She is delightfully, realisitically insecure when they do end up in bed; again, Risa is very much the experienced, ideal lover. There's not much sex, though; this isn't an 'oh no, danger, let us defy it with passionate lovemaking' story, this is an 'oh god, danger, let us huddle together in shock and try and survive' type of story (it's marketed as an Erotic Romance; frankly, I think that's doing it a disservice). Once things start falling apart, our characters are scared. Terrified. Except when they're just being determined and pretending they're fine for the sake of each other.
Essentially, it felt like a chapter's worth of story, but the actual plot arc was fairly complete. Pick it up as light reading. And by 'light', I mean 'quick'. It starts out fairly innocuous, but gets harrowing pretty fast (my standards for 'harrowing' are pretty low though. I do not like horror, and this became one long horror film of the 'something might jump out at any minute' type, made worse by the fact that everything was still almost normal). Horrible things wise, most of it was off screen; knowing that people were being killed elsewhere, or probably starving, and rioting, and panicking. Our protagonist spent a fair bit of time hiding, being all rational and remote (it felt like a coping strategy), and the only real violence we actually encounter is a post-Zombie rampage scene, and later, a murder between named characters.
The ending was a sort of 'everything's suddenly solved' lite happy ever after, but was also, if you stopped and thought about it, no kind of happy ever after at all. Their world was going to hell in a handbasket. It was this weird, painful, terribly identifiable schizophrenic attempt to continue with life as normal (university, a band, old people's homes, love lives, internet), while simultaenously being utterly paranoid, stockpiling food, getting shot by the police for acting suspicious and waiting for the inevitable rampage of death and destruction. And the internet was up randomly - an hour a day, or more, or not for days. There was no internet for days. The horror. Actually, the technology was well integrated into the story; from the unreliable internet to the constant checking of her phone, it was neither a prop for the plot, nor a case of 'why didn't you just Google it/ring/insert technology usage here...?' irritation.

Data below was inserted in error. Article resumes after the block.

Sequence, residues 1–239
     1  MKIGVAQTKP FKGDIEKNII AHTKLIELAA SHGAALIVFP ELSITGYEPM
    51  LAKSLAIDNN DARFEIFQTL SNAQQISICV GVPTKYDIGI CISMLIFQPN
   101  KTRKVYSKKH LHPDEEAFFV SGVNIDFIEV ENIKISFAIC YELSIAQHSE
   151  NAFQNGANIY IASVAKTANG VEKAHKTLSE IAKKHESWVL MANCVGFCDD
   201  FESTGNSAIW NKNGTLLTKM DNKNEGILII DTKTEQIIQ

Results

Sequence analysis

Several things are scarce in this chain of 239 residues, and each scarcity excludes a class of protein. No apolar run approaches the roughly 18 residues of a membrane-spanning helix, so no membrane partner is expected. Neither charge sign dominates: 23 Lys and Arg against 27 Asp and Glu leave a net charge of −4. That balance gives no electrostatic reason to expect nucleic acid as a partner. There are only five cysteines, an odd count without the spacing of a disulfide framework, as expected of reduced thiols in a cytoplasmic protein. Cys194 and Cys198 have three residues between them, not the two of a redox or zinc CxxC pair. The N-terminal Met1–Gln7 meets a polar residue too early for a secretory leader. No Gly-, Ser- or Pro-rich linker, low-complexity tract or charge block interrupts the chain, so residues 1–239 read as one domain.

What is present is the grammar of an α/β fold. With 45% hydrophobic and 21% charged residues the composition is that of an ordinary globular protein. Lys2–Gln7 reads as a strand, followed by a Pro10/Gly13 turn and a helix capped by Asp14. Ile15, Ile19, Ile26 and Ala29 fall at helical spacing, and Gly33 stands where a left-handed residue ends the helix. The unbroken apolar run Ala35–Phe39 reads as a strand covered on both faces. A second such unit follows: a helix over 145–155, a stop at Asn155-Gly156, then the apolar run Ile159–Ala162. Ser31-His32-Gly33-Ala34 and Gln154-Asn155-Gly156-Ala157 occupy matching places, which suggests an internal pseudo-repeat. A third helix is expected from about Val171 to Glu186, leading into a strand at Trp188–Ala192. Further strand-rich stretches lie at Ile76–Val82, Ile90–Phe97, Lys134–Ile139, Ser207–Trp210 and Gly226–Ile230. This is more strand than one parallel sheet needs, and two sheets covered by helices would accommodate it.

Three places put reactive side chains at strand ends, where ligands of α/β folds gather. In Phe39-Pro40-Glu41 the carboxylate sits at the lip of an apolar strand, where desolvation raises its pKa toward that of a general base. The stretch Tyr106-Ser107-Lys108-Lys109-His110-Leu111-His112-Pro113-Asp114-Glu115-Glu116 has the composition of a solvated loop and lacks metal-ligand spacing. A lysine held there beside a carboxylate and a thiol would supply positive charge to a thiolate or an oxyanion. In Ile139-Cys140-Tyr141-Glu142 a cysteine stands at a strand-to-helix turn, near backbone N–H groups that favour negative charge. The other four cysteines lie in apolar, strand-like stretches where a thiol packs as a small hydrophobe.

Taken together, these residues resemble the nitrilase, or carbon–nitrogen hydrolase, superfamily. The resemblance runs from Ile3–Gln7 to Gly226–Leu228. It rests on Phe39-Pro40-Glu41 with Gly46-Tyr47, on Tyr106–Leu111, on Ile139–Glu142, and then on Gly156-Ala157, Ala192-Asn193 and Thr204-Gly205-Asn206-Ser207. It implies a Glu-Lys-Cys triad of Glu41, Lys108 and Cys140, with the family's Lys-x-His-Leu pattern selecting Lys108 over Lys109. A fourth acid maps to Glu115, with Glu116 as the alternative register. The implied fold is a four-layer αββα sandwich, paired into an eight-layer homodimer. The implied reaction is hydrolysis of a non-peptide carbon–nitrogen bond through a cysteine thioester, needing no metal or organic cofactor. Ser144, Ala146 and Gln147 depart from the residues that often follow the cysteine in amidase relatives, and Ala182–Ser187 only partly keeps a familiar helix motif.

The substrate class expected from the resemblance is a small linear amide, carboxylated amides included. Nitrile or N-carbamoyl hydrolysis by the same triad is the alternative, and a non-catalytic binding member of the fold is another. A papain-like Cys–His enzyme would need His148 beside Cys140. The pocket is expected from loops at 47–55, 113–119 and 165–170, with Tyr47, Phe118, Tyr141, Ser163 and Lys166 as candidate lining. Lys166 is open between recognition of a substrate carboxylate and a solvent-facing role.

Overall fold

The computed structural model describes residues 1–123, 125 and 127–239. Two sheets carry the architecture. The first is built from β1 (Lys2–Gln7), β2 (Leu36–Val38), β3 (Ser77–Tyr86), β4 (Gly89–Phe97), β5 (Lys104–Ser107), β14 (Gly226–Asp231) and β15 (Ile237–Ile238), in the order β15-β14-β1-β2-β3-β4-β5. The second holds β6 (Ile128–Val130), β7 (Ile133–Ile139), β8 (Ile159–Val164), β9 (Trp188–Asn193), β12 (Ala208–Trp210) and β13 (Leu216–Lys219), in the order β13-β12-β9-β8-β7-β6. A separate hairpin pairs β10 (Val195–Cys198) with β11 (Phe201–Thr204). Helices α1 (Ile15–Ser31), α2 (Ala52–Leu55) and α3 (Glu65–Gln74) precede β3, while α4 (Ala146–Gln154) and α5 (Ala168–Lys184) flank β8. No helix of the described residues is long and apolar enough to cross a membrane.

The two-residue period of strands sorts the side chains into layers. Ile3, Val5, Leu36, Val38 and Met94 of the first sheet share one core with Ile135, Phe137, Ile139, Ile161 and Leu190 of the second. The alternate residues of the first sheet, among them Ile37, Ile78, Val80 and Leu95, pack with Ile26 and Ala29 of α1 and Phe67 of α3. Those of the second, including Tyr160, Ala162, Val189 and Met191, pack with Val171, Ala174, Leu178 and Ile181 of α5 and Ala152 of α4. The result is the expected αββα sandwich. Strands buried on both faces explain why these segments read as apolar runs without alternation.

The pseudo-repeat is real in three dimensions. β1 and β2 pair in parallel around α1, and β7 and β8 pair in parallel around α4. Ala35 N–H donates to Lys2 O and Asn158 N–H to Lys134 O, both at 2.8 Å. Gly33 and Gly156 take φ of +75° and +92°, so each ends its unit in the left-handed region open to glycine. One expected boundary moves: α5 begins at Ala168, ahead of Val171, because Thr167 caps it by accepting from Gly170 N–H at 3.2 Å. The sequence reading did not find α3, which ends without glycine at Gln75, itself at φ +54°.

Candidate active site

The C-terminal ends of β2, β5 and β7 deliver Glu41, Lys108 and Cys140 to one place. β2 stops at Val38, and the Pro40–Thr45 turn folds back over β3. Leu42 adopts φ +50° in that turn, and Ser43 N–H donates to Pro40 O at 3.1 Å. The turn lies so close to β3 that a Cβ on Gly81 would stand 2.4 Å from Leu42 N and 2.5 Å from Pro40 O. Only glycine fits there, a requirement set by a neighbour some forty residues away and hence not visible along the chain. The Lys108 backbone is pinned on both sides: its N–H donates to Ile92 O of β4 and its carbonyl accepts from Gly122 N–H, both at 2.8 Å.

It was a generally terrifying, upsetting and all around horrible situation. It was a bloody good and harrowing glimpse into what a real zombie terrorism virus government crackdown would look like, with everyone desperately pretending it would be okay, while they were cut off and quarantined and ran out of food and stopped trusting anyone. And aggh! The poor kitties. The kitties of the title were real ones; they can carry the virus too, so pet cats featured a couple of times, in both tragic and cute ways.
Formatting, grammar and technical stuff
There weren't really any typoes (maybe one or two, but nothing I really noticed), which was great. What wasn't great, and really made it difficult to get into initially, was the fact that there was a line break between every single paragraph. I don't know if this was just one of those formatting issues that end up where they shouldn't, or a deliberate attempt to pad out the page count, but it was really, freaking, annoying.
Dead Kitties Don't Purr is currently available on Amazon as a kindle eBook, along with the rest of the Lesbians vs. Zombies series. All the books to date have been well reviewed, and are a similar length and price (If I'd paid $10, I'd have felt cheated, but as it's currently available at $3, I'd say it's definitely worth it).
You may also be interested in: